I am trying to think of this problem for quite some time. Let's say, we have two sets of wave functions $\lbrace|\psi\rangle\rbrace$ and $\lbrace|\phi \rangle\rbrace$ and they belong to two different Hilbert spaces. That is,




In the real space $\bf{R}$, their functional domains are disjoint. That is, if $\psi(x)$ is defined in $x\le0$, $\phi(x)$ is defined in $x>0$.

In this case, is it possible to conceive some kind of superposition between the two waves? If so, how? I mean how do we define the superposed wave function and what can be said about the energy? This paper introduces such a concept


  • $\begingroup$ In quantum field theory, there is a field in spacetime. But in nonrelativistic quantum mechanics, a wavefunction is not a function from $\mathbb R^3$ into the complex numbers, a wave function is a function from the configuration space of the system into the joint spin state of the system. $\endgroup$
    – Timaeus
    Sep 26, 2015 at 17:34
  • 1
    $\begingroup$ Where in the cited paper does it mention having two distinct Hilbert Spaces? It's a method of images solution to reflection off an infinite potential barrier. $\endgroup$
    – Timaeus
    Sep 27, 2015 at 1:25
  • $\begingroup$ @Timaeus Isn't the wave function in quantum mechanics defined as $f_{\psi}\colon x\to \langle x|\psi\rangle$, and thus exactly a function from $\mathbb{R}$ to the complex numbers? $\endgroup$
    – gented
    Sep 27, 2015 at 18:55
  • $\begingroup$ @GennaroTedesco Most definitely not. It is a function from configuration space into a joint spin state. The joint spin state is a tensor product of single particle spin states (one for each particle) and configuration space is $\mathbb R^{3n}$ when there are $n$ particles. $\endgroup$
    – Timaeus
    Sep 27, 2015 at 21:06
  • $\begingroup$ How would you then define the wave function for the free spinless particle, according to that definition? Can you address me to some literature to check that? I have somehow never encountered such definition before. $\endgroup$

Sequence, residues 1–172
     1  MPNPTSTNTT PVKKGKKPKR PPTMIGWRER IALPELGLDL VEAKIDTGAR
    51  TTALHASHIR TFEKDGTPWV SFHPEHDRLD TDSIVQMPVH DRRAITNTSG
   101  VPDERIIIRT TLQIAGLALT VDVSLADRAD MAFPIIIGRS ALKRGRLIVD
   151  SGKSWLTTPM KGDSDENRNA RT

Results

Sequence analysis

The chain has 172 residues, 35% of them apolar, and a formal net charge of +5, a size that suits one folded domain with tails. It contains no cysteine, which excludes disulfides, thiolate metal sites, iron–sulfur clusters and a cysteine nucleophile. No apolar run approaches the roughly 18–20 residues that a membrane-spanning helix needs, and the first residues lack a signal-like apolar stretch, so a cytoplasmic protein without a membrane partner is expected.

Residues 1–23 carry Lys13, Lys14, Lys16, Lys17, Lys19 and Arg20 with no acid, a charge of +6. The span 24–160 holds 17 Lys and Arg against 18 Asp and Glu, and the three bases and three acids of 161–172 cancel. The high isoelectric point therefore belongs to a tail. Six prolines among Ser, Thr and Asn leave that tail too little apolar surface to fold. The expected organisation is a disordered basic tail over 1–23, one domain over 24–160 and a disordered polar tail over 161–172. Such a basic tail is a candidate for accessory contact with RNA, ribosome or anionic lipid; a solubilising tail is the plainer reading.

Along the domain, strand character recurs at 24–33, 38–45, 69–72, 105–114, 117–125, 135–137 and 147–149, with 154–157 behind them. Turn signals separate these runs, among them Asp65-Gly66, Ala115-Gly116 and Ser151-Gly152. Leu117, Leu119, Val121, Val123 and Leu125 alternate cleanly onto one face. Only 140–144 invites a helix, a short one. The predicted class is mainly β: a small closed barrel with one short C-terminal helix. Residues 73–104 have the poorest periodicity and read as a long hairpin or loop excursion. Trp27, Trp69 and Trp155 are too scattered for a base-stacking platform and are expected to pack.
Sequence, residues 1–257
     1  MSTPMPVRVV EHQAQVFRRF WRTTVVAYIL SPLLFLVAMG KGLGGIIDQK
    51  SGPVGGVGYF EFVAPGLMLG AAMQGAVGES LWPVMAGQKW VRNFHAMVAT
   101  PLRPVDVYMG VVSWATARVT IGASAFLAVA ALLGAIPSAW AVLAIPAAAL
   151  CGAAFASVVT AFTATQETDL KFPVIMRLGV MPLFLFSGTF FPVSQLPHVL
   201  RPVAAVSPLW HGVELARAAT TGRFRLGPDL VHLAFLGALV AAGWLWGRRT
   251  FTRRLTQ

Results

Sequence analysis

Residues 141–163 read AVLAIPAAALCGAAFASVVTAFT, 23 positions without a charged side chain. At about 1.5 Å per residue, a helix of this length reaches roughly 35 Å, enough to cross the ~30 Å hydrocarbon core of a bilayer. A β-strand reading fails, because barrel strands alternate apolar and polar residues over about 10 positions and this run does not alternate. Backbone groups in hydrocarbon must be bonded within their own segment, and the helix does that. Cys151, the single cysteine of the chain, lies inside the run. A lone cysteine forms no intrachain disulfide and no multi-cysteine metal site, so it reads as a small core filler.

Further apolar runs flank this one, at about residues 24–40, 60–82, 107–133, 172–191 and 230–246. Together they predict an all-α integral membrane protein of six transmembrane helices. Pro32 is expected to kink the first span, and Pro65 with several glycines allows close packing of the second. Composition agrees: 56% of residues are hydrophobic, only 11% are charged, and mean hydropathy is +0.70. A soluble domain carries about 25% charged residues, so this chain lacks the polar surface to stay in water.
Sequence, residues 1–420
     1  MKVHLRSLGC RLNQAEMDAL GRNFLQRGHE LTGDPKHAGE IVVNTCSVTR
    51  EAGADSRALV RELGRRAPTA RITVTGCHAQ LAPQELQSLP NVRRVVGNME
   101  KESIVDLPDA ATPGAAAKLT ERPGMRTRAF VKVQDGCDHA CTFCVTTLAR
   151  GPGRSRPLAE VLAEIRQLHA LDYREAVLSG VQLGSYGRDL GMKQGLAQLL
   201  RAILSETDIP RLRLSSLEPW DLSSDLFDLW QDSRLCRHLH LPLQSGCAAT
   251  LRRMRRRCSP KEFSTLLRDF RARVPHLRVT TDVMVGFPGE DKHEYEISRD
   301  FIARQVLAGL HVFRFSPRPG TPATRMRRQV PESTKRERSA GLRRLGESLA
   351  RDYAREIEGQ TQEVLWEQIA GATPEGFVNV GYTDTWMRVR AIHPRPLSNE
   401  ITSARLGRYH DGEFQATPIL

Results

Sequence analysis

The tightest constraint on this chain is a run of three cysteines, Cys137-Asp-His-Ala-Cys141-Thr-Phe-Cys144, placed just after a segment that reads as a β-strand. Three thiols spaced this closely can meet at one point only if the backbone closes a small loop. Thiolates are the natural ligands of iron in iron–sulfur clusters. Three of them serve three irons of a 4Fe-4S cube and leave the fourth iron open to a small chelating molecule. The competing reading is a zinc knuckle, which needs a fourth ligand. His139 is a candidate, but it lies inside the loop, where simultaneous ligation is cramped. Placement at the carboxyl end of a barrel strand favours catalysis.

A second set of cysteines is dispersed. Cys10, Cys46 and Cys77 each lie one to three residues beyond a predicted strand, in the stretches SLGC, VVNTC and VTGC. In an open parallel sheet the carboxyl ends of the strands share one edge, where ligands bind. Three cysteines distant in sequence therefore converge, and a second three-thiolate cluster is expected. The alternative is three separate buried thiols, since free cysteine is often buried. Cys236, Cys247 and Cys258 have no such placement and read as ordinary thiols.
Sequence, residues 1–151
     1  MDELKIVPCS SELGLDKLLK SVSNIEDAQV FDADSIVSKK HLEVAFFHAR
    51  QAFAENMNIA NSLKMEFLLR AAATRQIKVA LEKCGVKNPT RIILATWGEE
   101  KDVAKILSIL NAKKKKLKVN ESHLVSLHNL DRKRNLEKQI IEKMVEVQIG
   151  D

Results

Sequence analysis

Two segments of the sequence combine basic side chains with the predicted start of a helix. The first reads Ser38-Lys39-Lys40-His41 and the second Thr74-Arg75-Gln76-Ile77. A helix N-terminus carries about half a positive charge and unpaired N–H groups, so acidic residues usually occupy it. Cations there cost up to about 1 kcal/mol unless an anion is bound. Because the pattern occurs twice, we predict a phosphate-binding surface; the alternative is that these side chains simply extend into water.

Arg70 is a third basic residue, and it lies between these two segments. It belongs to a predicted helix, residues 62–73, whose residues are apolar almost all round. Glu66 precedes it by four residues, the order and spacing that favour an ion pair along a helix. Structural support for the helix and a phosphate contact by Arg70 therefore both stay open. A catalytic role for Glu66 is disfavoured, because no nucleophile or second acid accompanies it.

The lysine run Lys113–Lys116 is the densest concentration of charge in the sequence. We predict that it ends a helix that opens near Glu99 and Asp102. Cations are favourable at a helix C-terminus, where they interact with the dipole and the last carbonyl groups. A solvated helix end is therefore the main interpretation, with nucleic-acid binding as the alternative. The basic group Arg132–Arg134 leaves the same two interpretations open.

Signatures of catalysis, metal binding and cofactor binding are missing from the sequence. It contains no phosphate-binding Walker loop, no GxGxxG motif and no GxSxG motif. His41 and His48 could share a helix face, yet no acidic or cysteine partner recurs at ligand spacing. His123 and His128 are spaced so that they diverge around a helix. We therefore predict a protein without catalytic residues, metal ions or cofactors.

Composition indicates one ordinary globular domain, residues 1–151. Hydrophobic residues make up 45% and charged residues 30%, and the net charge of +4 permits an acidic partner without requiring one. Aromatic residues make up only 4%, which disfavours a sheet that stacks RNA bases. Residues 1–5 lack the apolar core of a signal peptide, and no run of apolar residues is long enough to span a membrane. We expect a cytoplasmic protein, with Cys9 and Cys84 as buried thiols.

– gented
    Sep 27, 2015 at 21:12

1 Answer 1


Two different Hibert spaces correspond to two different physical systems. Superposition of wave functions makes sence for one system (for one Hilbert space), since addition of vectors (quantum states) is defined in a particular vector space (Hilbert space). What you can do is to create a new Hilbert space by forming the tensor product of the two Hilbert spaces. And if you work in the coordinates representation, then you should expand the domain of the each wave function to the entire real line, by multiplying $\psi \left( x \right)$ whith the characteristic function of $\left( -\infty ,0 \right]$ and $\varphi \left( x \right)$ with the characteristic function of $\left( 0,+\infty \right)$.

  • $\begingroup$ In such a case, what will happen to the inner product of the new Hilbert space ! $\endgroup$
    – user35952
    Sep 26, 2015 at 17:22
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    $\begingroup$ If by saying "what will happen?" you mean "how is it defined?", then check this article: en.wikipedia.org/wiki/Tensor_product_of_Hilbert_spaces $\endgroup$ Sep 26, 2015 at 17:26
  • $\begingroup$ Thank you very much for the reply. I shall go through this concept. One query: in the extended Hilbert space, does the two wave functions add normally? or do we need to construct some direct product or direct sum? $\endgroup$
    – kolahalb
    Sep 26, 2015 at 18:15
  • $\begingroup$ In the tensor product space, the states are products of the wave functions; what is added there is such products of them and not the individual wave functions $\endgroup$ Sep 26, 2015 at 18:21
  • $\begingroup$ you are very welcome! $\endgroup$ Sep 26, 2015 at 18:29

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